Dishonest, inequitable, deceptive, fraudulent or coercive commercial and trade practices have long been proscribed by legislators or sanctioned by Courts of law in many jurisdictions. This jurisprudence is reflected in the concept of unfair competition in the 1883 Paris Convention for the Protection of Industrial Property, which has as its object [among others] “the repression of unfair competition’’ constituted by “any act of competition contrary to honest practices in industrial or commercial matters.”
The Paris Convention specifies certain acts as requiring prohibition, including false allegations discrediting a competitor, and indications or allegations in the course of trade which are liable to mislead the public as to the nature, the manufacturing process, the characteristics, the suitability for their purpose, or the quantity, of the goods.
Over 170 countries are now parties to the Paris Convention. Its obligations have usually been implemented in national and sub-national legislation by the parties. In jurisdictions with codified laws, those codes are used to incorporate unfair competition provisions. For example, in France, the Consumer Code has provisions dealing with prohibited commercial practices such as unfair commercial practices and deceptive marketing practices. This legislation often sits apart from and is administered or enforced by agencies separate from competition agencies. In other jurisdictions unfair competition is dealt with alongside antitrust or competition law and is enforced by a common agency; Australia, New Zealand, Canada, Colombia, Chinese Taipei, Denmark, Kenya, Panama, Peru, the United States, Singapore, and Vietnam are examples of this approach.
Unfair Competition laws in Australia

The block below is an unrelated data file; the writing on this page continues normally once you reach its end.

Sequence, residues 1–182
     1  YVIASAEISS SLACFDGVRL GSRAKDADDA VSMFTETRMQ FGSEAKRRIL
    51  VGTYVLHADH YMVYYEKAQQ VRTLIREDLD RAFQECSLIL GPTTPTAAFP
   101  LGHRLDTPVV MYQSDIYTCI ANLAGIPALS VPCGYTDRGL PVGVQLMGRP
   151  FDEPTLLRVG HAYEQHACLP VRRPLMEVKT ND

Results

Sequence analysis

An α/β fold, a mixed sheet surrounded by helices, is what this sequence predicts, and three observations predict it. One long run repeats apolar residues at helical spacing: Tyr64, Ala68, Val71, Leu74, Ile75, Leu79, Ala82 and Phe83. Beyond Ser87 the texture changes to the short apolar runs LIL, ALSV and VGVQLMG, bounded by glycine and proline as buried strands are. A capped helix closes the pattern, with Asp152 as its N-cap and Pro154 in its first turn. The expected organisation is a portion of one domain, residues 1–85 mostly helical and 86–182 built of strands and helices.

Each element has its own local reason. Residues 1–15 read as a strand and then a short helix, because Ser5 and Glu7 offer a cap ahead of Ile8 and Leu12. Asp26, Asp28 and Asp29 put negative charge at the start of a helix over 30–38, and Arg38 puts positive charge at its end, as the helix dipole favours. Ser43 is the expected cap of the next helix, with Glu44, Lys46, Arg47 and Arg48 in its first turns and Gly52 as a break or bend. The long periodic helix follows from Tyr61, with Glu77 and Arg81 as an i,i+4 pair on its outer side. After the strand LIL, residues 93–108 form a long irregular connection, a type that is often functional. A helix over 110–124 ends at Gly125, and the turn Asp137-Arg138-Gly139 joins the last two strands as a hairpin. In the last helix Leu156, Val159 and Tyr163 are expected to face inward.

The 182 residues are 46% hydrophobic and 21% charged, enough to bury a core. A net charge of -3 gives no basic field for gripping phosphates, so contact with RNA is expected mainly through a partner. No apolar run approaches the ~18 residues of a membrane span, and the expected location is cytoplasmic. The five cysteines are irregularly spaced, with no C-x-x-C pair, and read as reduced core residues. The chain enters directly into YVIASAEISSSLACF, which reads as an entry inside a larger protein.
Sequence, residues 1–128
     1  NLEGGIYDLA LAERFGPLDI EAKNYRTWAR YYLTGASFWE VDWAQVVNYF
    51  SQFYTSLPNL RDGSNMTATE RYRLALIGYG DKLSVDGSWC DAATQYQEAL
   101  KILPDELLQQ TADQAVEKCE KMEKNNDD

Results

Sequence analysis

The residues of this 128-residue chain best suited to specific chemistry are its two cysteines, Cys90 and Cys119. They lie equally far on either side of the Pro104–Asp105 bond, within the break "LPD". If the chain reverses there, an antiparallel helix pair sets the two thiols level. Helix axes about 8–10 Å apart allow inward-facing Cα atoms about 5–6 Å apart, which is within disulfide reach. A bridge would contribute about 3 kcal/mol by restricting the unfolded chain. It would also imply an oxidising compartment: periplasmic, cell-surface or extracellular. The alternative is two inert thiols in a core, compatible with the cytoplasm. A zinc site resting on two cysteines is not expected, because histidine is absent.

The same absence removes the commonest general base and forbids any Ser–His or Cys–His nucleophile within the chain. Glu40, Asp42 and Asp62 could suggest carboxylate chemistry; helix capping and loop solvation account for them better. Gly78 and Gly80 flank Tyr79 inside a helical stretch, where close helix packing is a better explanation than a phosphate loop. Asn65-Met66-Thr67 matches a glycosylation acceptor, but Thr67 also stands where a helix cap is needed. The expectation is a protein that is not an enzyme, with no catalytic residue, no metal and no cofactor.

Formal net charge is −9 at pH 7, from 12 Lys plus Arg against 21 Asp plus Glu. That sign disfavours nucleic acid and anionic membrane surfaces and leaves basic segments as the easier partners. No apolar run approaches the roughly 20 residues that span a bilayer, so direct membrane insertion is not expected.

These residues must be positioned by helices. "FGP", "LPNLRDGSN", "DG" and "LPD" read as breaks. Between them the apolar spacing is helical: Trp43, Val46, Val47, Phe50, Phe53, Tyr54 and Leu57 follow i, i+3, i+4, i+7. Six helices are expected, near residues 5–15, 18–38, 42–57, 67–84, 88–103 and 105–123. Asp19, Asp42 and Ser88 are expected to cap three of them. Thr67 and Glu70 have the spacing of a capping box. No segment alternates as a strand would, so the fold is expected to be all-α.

In Australia, sections 33 and 34 of the Australian Consumer Law (ACL), which is part of the Competition and Consumer Act 2010 (Cth), implement part of the Paris Convention by prohibiting conduct by a corporation in trade or commerce that is liable to mislead the public about the nature, manufacturing process (in respect of goods), characteristics, suitability for purpose or quality of goods or services.
The ACL is a national law which has been also incorporated into the law of each Australian state and territory. Much of the conduct addressed by the ACL could lead to an ‘unfair competitive advantage’ in a market. It deals with business to consumer transactions, as well as businesses to business transactions.
Many of the concepts which are embodied in the ACL are based on equitable principles developed by the English Court of Chancery over centuries, and subsequently applied and developed by the Australian Courts. Misleading or deceptive conduct is prohibited generally by section 18 (but without penalty, although other remedies including damages can be granted); and specific forms of false or misleading conduct or unfair practices are prohibited and subject to penalty, without requiring intention or fault. This can be seen to reflect the notion of fraud in equity, in which many activities regarded as fraudulent were not done with an intention to cheat and deceive.
The equitable concept of unconscionable conduct is also the subject of ACL prohibitions which attract a penalty and other remedies. One of the ACL provisions dealing with unconscionable conduct simply adopts the equitable concept of unconscionable conduct: where one party has a special disadvantage of which the stronger party takes unconscientious advantage. The other form of proscribed statutory unconscionable conduct is not limited by the unwritten law and involves an evaluative inquiry as to whether the conduct is beyond conscience in all of the circumstances.
Unfair contract terms in standard form contracts with consumers and small businesses are rendered void by the ACL, although at present the ACL does not prohibit or penalise a corporation which includes and relies on those terms.
Other specific unfair practices that may constitute a form of unfair competition are prohibited by the ACL, including:
- offering rebates, gifts and prizes with the intention of not providing them (section 32);
- bait advertising (section 35);